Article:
Coffee connoisseurs and billion-dollar businesses are taking a shine to several new methods of harvesting and preparing coffee. Perhaps coffee-lovers need not apply, since the reliability of a simple cup of drip, or the routine of a morning cappuccino at a local café, is enough for most die-hard fans of the bean. Anyone who tires of the stuff (or overdoes it) probably only needs to go on a green tea stint to rekindle their romance. But the industry persists. Below are some of the ways the global coffee market is trying to spruce things up, presumably to woo new coffee drinkers as well as the more loyal drinkers among us.
Starbucks, which recently shuttered 900 stores worldwide, appears to have a new strategy of introducing somewhat radical types of drinks to its menu in order to lure more people into a store–and hopefully into a new drink routine. The Reuters story announcing the company’s latest venture, “green coffee,” may sound like it’s talking about environmental ethics, but green coffee is actually just raw coffee beans transformed into a powder and presumably mixed up in a blender with lots of ice and sugary syrup, knowing Starbucks. The substance is described as a “flavor-neutral powdered extract,” and may be popular to those who find coffee too powerful to their systems because it has “less of a caffeine kick” than the roasted brew.
“It’s coffee that doesn’t taste like coffee,” said Julie Felss Masino, Starbucks’ vice president of global beverage, which is how some people describe Starbucks coffee.
A rare and expensive kind of coffee reported ’round the Web, including in a recent New York Times story, comes, colloquially speaking, from cat poop. The delicacy, called kopi luwak, is Indonesian in origin and is derived from the Asian palm civet cat (the luwak). The civet cat eats the coffee cherries containing the coffee beans. While not interested in the beans themselves, which are covered in parchment, the cats eat them anyway. The coffee harvesters then pick the beans out of the cats’ droppings (true story), remove the parchment, and ship the beans off. Kopi luwak has actually been available in the U.S. since the 1980s. The amount of beans available are naturally limited, which makes kopi luwak expensive (around $100 per pound). But its flavor is said to be unlike any other kind of coffee. Because the civet’s digestive system has broken down certain elements of the coffee bean’s flavor, to the drinker, the finished product tastes “smooth, chocolaty and devoid of any bitter aftertaste,” according to the Times.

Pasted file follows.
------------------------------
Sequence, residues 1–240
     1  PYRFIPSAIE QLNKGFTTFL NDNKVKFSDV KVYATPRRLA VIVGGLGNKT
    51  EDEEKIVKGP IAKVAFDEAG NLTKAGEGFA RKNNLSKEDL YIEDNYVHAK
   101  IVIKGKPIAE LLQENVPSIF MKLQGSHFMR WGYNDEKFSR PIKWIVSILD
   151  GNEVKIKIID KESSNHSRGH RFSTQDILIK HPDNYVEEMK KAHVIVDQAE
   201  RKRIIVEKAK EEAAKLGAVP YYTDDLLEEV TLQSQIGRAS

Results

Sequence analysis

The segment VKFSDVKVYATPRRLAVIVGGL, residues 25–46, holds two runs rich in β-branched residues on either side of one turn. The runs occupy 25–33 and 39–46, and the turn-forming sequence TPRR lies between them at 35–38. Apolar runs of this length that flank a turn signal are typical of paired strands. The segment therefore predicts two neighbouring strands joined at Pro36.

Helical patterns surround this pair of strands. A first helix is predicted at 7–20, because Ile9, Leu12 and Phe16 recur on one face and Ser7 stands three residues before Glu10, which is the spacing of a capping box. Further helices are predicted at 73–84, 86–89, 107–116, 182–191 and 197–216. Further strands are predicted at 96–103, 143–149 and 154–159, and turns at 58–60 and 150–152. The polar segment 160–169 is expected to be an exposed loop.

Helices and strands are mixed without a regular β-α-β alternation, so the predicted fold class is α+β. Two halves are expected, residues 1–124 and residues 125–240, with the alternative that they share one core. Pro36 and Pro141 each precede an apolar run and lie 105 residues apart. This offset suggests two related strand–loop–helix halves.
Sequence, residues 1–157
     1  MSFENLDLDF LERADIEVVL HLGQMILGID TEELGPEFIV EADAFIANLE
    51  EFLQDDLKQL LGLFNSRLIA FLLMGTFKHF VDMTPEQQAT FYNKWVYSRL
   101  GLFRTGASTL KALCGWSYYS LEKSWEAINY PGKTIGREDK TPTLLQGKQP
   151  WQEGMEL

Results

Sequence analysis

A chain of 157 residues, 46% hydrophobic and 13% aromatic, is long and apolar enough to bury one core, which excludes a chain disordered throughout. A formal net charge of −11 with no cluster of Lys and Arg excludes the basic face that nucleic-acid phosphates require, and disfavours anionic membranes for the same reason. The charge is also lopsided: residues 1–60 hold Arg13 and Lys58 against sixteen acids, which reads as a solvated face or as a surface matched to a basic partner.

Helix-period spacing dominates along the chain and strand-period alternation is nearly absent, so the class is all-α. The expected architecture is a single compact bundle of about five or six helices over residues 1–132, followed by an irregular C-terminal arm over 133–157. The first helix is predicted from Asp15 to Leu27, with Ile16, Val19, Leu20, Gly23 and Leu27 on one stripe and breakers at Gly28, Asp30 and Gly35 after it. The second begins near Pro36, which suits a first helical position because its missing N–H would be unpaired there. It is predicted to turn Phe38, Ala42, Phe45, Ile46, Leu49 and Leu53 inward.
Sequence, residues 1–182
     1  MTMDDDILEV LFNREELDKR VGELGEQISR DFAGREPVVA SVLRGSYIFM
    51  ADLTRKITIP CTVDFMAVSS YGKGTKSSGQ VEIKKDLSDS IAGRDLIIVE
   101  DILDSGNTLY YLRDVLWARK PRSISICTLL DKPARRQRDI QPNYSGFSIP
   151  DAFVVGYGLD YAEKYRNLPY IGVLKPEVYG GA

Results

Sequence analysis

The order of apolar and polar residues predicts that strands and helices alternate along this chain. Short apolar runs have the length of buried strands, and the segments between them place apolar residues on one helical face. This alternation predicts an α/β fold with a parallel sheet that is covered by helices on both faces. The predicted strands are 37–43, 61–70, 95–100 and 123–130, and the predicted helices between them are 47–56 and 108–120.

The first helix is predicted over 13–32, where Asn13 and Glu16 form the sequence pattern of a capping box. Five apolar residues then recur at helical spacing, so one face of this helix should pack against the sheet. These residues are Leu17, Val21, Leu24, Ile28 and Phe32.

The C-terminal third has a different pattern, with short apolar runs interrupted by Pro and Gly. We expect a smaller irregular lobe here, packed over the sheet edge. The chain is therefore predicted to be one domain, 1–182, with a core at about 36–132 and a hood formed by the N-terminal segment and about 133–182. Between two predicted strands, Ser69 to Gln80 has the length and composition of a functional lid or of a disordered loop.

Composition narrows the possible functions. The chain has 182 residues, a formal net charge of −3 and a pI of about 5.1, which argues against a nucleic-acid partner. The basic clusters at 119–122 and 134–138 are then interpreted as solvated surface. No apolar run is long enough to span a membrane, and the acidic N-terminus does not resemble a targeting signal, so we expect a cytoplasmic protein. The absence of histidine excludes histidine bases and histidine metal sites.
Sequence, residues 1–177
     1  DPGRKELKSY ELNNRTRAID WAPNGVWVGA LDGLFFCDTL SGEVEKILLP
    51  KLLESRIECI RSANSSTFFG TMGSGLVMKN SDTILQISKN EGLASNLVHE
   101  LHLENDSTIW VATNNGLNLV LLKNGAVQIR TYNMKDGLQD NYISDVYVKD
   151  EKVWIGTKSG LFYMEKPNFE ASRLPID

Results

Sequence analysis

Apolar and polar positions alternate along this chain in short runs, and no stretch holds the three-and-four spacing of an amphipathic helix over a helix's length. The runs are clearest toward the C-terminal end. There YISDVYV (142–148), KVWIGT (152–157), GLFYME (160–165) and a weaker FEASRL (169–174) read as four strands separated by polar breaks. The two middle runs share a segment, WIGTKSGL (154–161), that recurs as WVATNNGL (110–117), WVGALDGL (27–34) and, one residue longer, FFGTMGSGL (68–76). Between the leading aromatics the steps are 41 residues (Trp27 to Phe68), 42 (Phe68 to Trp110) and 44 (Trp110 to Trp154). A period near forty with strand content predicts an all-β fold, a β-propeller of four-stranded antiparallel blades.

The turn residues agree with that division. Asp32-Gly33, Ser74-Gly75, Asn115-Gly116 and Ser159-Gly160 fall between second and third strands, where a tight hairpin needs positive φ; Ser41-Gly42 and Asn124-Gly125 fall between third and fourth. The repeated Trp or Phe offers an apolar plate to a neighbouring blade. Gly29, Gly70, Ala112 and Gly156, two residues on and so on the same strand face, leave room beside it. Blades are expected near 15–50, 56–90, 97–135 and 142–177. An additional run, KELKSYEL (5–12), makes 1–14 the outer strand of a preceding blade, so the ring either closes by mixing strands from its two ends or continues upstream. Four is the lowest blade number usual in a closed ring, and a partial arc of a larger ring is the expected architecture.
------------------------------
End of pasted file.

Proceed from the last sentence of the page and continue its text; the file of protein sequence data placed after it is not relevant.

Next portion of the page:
The Clover Brewing System
At $11,000, it’s hard to picture the commercial-grade coffee brewer the Clover 1s in your kitchen, but the company behind it, Coffee Equipment Company, might just convince you (if not, many cafés have been convinced). The Clover system advocates that each cup of coffee be brewed with the utmost care and attention. To that end, the machines only brew one cup of coffee at a time.
It’s a rather soothing process to watch, which you can witness (and taste) at Café Grumpy in New York, among other places. Slate writer Paul Adams actually found it a little scary when he tested a Clover at Grumpy back in 2008. After you press ‘brew,’ “a circular platform sinks down from the top of the machine into a steamy cylindrical operating chamber,” Adams writes. “I’m sure I’m not the first Clover user to experience a quick flashback to a vivid childhood memory—watching, horrified, as Darth Vader lowers Han Solo into his carbonite freezer.”
By combining high-quality coffee with the Clover, the Grumpy brew does achieve the effect Clover is going for: you can really taste the depth and breadth of a coffee’s flavor, if that’s the kind of high you’re looking to get from your coffee experience. Your cup will be more expensive than your typical home, deli or café brew, but it’s worth trying at least once.